Nina Chaubal, Co-founder of Trans Lifeline, Arrested by Immigration Enforcement

Nina Chaubal, Co-founder of Trans Lifeline, Arrested by Immigration Enforcement

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According to the Facebook page of the Trans Lifeline, Nina Chaubal, the Indian-born co-founder of the Trans Lifeline—”a crisis hotline by and for the transgender community”—has been taken by Arizona border patrol and put into an Immigration and Customs Enforcement (ICE) facility in Eloy, Arizona. That’s troubling not only because it might affect the Lifeline, but because trans and LGB people are 15 times more likely to experience physical and sexual violence within ICE facilities.

According to Raw Story, Chaubal was in the process of moving from Chicago to California with her partner Greta Martela when they passed through an immigration checkpoint in Arizona:

When asked if everyone in the car was a U.S. citizen, Martela told them that Chaubal is from India.

However, it was when Border Patrol officers saw Chaubal’s passport — upon which she is still identified as male — that the situation became tense and uncomfortable….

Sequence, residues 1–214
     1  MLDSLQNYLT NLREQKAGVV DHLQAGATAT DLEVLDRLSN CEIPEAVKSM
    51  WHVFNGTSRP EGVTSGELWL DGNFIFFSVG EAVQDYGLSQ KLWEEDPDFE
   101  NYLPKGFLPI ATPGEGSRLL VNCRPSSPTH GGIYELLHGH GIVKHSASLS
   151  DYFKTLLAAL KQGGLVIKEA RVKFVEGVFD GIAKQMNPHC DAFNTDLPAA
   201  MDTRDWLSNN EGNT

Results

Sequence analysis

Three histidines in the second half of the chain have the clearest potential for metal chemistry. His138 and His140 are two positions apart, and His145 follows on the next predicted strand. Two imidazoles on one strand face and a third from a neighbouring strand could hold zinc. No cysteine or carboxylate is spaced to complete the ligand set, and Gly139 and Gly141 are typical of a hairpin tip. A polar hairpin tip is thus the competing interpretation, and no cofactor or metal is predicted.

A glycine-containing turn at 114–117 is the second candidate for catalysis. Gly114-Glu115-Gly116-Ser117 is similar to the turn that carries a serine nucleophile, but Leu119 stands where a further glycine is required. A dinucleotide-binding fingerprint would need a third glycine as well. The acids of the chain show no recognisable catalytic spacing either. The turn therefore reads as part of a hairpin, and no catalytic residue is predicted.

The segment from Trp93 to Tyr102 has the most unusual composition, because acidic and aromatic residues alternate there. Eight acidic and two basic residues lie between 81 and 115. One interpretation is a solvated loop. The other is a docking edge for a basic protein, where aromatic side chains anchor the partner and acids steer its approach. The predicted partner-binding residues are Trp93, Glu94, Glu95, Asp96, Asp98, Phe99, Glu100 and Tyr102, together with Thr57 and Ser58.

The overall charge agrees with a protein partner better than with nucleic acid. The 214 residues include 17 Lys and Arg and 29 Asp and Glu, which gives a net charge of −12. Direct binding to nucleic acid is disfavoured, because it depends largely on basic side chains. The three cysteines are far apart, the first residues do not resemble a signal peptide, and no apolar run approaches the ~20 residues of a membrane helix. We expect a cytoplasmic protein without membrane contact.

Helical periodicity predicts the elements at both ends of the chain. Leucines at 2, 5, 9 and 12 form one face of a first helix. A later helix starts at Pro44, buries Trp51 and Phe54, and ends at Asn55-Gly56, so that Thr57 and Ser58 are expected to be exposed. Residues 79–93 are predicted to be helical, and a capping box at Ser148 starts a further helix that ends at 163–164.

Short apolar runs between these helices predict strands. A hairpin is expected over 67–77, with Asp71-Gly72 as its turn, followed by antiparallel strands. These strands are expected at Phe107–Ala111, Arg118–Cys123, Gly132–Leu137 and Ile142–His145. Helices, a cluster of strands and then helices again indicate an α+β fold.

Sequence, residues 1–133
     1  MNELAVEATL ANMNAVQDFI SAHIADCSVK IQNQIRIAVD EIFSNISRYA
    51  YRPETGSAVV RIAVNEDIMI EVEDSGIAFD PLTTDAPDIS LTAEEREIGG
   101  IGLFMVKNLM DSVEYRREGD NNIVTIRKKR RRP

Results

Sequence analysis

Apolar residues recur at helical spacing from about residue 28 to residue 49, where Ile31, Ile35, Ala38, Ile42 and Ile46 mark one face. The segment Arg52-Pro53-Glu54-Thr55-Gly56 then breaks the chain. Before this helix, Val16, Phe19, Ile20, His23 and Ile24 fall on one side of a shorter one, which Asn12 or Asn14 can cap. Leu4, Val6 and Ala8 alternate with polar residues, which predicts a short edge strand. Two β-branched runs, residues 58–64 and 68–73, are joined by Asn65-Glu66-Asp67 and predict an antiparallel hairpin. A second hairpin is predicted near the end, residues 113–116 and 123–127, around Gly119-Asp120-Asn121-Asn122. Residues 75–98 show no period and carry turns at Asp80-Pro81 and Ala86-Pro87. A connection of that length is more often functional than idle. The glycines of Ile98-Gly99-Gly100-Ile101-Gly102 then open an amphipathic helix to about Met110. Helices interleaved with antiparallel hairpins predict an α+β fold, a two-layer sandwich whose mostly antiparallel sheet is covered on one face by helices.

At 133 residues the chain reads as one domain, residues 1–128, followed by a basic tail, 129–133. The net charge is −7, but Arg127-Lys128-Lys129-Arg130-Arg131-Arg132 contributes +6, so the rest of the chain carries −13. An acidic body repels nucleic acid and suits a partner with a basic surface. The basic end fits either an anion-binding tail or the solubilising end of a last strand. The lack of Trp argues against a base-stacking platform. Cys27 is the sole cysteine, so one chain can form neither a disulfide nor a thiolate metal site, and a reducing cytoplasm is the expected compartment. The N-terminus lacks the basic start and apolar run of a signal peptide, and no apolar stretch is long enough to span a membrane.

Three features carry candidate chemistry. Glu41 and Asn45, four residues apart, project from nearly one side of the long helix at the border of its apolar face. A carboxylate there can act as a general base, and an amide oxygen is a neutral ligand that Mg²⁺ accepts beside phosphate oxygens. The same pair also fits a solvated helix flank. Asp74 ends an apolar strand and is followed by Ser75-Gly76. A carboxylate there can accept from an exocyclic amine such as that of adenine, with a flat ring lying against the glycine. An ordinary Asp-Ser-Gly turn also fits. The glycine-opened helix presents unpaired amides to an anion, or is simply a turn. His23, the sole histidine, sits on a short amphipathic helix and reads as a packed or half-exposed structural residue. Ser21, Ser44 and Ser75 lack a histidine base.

Chaubal is currently undocumented because her marriage to Martela has not been legally ratified. Martela needs to provide record of her divorce in 1990. However, the California records bureau that would ordinarily provide that verification lost years of documents in the transfer from paper to electronic records, Martela said.

“The woman I got divorced from is now deceased,” she explained, leaving the pair in legal limbo until they can obtain documentation by some other means.

In 2010, Arizona passed SB 1070, also known as the “Show Me Your Papers” law. The U.S. Supreme Court later invalidated some of its most racist provisions, but police are still allowed to demand documentation of citizenship from anyone they pull over. Polling has shown that 50% to 65% of Americans favor SB 1070 and other laws like it.

The detaining officers said that Chaubal would be deported to India, a country that criminalizes same-sex intercourse; a lesbian couple married in the country in 2011 had to flee their village following threats of violence. As a result, Martela says that Chaubal will be seeking asylum in the U.S..

Martela says that has able to get Chaubal her medications in the facility, but that they have contacted the Transgender Law Center and other activists to help get Chaubal transferred to a more trans-friendly facility. A GoFundMe page has also been created to help pay Chaubal’s legal fees. “We need people to make enough noise that they either release or transfer her,” Martela said.

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